The grocer ran his finger around the inside of his collar. “You Japs bombed Pearl Harbor,” he said, then turned and went inside, closing the door.
“Me and Tomi didn’t bomb anybody,” Hiro called through the glass, but Mr. Akron ignored him.
“Come on, Hiro!” Tomi yanked her brother along the sidewalk. She walked with her head down. Her hair hid her face, she hoped nobody would recognize her. She had never been so embarrassed in her life.
“I don’t understand. What’s Pearl Harbor?” Hiro asked, stumbling along beside his sister. “Why won’t he sell us candy?”
Tomi turned the corner and headed toward a park. It was the long way home, but they weren’t likely to run into any kids they knew, and that was good. She didn’t want anyone to find out what had just happened.
They reached a bench, and Tomi sat down, Hiro next to her.
“What’s Pearl Harbor?” Hiro asked again.
Tomi took a deep breath. “It’s a place in Hawaii. The Japanese bombed our American ships there, and lots of sailors were killed.”
“Jeepers!” Hiro tried to whistle through his teeth, but his front teeth were missing, so the sound came out like a rush of wind. “How come they did that?”
Tomi shook her head. “I don’t know. I heard it on the radio, and I heard Mom and Pop talk about it, but they stopped when they found out I was listening. So I don’t understand everything. I just know President Roosevelt declared war on Japan.”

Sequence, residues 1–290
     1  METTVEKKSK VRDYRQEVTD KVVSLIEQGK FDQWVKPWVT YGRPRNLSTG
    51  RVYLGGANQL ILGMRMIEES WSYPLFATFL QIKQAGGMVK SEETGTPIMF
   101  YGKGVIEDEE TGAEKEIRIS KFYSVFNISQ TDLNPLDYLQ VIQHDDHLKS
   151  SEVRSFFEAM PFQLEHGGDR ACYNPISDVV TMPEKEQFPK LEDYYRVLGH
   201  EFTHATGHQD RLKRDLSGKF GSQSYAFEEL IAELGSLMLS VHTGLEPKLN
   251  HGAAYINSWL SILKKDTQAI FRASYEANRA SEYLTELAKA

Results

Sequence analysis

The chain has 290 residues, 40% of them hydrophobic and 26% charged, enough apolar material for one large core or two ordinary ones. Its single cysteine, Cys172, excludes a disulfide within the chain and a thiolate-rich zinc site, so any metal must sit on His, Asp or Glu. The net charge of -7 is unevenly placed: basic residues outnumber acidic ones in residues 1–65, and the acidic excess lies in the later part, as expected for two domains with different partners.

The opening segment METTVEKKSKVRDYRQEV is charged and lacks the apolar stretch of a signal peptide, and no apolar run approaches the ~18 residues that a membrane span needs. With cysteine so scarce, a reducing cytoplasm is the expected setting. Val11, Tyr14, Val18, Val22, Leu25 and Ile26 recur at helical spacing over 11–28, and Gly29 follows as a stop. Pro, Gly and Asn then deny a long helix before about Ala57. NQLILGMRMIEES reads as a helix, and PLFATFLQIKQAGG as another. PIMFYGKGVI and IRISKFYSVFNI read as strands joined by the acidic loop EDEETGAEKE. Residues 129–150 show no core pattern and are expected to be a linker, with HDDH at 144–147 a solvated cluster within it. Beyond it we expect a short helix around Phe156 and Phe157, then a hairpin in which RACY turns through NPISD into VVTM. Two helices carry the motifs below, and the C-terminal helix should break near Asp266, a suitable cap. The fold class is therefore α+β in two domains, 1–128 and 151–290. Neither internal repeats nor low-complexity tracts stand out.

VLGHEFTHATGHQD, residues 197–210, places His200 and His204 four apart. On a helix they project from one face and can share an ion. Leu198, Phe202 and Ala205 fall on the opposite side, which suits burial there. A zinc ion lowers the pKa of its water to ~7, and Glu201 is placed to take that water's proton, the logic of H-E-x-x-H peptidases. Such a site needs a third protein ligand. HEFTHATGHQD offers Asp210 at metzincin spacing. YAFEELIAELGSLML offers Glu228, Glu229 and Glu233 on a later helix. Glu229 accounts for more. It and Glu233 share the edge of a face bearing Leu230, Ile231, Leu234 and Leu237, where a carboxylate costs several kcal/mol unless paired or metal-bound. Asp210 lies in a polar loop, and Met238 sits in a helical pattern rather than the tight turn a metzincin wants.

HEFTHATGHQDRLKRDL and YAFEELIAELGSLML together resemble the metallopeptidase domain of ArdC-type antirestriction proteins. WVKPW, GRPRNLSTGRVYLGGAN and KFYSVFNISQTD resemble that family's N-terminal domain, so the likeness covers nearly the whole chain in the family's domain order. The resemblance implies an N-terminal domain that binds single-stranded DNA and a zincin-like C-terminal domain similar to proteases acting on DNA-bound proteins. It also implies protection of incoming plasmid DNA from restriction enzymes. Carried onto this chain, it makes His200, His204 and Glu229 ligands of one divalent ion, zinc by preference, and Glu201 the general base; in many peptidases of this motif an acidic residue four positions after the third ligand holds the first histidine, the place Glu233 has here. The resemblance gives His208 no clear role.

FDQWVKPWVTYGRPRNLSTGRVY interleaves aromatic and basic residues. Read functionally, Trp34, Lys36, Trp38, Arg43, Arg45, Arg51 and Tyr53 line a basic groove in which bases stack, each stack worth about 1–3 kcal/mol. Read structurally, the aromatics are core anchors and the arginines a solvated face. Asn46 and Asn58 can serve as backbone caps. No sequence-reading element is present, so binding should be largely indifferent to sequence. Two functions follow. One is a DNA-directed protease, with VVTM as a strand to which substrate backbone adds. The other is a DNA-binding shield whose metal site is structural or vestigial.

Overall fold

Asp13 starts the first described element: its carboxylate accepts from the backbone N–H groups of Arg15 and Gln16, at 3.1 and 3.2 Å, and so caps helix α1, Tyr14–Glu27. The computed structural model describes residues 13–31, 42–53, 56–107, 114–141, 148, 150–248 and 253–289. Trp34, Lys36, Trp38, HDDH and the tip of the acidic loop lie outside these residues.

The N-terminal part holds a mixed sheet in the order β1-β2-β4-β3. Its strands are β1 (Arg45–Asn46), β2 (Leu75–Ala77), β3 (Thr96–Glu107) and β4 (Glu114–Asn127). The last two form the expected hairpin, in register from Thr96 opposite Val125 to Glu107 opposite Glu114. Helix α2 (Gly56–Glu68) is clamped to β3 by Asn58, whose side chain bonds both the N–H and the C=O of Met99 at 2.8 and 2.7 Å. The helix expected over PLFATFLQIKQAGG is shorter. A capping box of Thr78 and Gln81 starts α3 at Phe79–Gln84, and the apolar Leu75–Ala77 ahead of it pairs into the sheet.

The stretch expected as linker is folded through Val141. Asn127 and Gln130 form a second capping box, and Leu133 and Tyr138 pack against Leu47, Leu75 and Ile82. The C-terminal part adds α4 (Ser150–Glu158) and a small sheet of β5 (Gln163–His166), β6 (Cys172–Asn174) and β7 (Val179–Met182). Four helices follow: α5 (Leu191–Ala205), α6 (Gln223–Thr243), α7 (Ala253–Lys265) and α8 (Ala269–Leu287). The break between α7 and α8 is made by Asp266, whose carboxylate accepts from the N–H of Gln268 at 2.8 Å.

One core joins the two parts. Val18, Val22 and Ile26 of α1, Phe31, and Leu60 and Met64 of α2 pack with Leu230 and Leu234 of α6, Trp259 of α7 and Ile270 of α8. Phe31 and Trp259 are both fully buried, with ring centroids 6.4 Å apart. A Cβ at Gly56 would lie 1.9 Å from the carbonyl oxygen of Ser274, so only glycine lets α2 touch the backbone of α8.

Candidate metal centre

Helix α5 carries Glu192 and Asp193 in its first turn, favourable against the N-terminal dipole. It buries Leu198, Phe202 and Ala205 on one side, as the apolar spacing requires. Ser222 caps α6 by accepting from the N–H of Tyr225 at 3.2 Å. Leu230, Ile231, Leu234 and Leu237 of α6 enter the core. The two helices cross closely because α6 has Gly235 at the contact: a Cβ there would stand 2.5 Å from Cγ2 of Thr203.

“But why won’t Mr. Akron let us into his store?”
“I guess he thinks we’re spies or something, you know, like they talk about on the radio.”
Hiro thought that over, then asked, “Spies? Who are we supposed to spy for?”
“Japan,” Tomi answered.
“But we’ve never been there. Heck, Tomi, we don’t even speak Japanese.”
“Mom and Pop both came from Japan, and our grandparents Jiji and Baba still live there.”
“We don’t even know them,” Hiro said.
Tomi shrugged. “I don’t understand it, either. We say the Pledge of Allegiance every day in school, and we salute the flag. Pop always told us he and Mom were the best Americans because they chose to live in this country; they chose for you and me and Roy to be born here.” Roy, their older brother, was sixteen.
“Are we going to tell Mom about the sign?” Hiro asked.
Tomi looked down at Hiro. “I don’t know. Maybe we should so that she doesn’t shop there.” Tomi didn’t like the idea that Mr. Akron might be rude to her mother.
The two of them sat on the bench, not talking for a few minutes. It was winter, and although snow didn’t fall in their southern California town not far from the ocean, the weather was cold. Tomi felt the chill and shivered. She started to tuck her hands into the sleeves of her sweater, then realized she was still holding the penny. “Those jaw-breakers would probably break our teeth. I don’t want one anyway,” she told her brother.
“Me neither,” Hiro said. He grinned, and Tomi punched his arm.
“Besides, you don’t have enough teeth to chew one,” she said.